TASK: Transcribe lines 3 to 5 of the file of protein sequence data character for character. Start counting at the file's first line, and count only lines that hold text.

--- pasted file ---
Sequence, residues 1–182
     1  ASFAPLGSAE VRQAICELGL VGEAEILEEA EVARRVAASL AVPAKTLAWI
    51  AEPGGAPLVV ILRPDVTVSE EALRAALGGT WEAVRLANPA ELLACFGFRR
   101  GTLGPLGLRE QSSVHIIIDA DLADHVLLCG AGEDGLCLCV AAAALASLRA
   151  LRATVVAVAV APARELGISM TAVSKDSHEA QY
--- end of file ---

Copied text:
    51  AEPGGAPLVV ILRPDVTVSE EALRAALGGT WEAVRLANPA ELLACFGFRR
   101  GTLGPLGLRE QSSVHIIIDA DLADHVLLCG AGEDGLCLCV AAAALASLRA
   151  LRATVVAVAV APARELGISM TAVSKDSHEA QY